Wednesday, June 22, 2005
Mid-October 1940: decisions about air strength in the Middle East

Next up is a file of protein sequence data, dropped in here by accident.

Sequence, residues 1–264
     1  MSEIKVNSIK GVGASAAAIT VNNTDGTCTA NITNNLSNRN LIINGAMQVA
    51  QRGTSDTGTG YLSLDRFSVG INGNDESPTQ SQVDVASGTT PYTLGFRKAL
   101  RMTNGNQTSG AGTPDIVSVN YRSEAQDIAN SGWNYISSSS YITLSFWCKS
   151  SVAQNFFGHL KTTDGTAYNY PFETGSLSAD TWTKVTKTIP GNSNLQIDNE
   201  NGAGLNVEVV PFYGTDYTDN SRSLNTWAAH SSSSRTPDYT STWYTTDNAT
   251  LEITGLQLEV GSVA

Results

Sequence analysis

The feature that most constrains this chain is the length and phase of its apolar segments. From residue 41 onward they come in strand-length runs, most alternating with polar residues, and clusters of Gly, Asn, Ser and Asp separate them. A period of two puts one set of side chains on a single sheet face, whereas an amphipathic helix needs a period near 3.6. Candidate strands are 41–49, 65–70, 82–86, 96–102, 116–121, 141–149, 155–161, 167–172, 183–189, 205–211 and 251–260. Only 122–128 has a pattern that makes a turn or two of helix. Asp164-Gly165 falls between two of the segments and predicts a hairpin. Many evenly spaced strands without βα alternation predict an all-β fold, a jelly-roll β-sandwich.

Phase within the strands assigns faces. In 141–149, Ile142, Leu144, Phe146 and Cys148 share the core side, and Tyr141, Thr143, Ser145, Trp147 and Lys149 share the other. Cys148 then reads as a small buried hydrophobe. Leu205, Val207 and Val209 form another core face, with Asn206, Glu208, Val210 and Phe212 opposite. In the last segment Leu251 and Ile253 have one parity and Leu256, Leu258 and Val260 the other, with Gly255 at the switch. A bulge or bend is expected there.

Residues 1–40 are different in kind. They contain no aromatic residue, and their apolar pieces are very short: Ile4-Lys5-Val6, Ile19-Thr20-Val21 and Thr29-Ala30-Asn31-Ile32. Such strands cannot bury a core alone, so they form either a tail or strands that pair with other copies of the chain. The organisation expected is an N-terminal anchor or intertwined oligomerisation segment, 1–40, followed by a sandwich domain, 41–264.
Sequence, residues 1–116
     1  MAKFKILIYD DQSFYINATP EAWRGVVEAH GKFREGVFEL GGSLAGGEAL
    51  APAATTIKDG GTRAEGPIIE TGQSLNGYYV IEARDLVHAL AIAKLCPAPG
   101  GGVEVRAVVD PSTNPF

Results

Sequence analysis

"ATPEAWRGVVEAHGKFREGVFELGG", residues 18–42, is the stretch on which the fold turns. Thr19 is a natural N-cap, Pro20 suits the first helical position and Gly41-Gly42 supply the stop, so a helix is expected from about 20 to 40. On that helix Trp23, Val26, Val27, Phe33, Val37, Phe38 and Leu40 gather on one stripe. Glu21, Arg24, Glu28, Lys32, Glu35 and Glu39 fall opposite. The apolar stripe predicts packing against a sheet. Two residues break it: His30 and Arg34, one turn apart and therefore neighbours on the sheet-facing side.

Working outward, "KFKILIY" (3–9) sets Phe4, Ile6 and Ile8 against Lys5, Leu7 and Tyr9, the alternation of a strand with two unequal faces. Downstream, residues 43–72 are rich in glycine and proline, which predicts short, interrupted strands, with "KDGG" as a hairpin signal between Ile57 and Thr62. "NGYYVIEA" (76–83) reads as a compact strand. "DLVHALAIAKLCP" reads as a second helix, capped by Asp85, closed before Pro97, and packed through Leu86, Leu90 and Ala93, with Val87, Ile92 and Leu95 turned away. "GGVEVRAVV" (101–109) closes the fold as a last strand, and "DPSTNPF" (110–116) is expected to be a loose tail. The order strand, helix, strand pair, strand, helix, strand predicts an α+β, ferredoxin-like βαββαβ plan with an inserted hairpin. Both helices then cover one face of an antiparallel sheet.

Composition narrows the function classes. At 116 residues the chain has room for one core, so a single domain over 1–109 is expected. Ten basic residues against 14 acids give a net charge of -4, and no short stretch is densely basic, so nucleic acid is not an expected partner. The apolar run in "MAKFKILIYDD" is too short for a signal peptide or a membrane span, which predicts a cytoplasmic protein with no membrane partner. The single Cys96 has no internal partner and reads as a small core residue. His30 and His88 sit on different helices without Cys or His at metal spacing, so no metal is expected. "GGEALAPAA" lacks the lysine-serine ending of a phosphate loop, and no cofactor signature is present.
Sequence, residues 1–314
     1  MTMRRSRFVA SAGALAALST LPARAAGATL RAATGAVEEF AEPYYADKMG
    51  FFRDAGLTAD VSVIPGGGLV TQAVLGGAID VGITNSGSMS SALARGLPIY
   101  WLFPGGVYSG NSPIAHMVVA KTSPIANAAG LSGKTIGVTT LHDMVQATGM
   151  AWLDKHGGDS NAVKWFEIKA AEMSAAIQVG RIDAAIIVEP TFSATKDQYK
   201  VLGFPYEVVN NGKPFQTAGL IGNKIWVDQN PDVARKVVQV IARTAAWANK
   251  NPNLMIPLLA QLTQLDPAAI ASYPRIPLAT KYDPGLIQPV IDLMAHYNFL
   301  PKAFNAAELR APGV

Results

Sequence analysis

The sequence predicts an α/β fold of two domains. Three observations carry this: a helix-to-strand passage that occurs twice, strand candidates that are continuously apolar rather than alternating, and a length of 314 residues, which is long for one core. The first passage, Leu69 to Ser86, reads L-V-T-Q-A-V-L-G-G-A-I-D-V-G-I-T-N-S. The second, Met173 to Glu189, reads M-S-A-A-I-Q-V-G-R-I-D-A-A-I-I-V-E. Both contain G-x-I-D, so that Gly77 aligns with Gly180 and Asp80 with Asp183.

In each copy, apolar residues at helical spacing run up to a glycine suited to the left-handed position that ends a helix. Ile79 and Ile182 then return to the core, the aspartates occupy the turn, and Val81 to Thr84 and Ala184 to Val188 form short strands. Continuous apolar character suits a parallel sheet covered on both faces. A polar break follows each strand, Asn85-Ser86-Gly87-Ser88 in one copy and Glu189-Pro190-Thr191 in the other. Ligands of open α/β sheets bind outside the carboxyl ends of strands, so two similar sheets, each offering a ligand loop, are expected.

By mid-October, the Chiefs of Staff decided that with the focus on the eastern Mediterranean and Middle East, that air strength must be augmented, and quickly. Existing squadrons would be rearmed with newer aircraft and squadron strength would be increased from 12 to 16 aircraft. The Sunderland squadrons would have their strength increased to six aircraft. They would send 48 Blenheim IVs and 24 Hurricanes every month. They would fly out 23 Wellingtons to replace Bristol Bombay bomber-transports. They would send 227 Mohawk fighters to the Middle East as well as 149 Martin Maryland aircraft, instead of the planned 75. The Marylands did not start to arrive in Africa until December 12th, so that setback plans. The RAF also found, when Mohawks started to arrive that they were unsuitable for combat, due to their low performance. They were diverted to India and South Africa for training, instead. In December, RAF losses were mounting, at least partly due to the Italian explosive bullets. Even when aircraft were not lost, they could be put out of action for a while because of damage from the explosive bullets. Despite the RAF situation, General Wavell decided to mount the Compass operation anyway. This is based on the account in Vol.I of the Official History.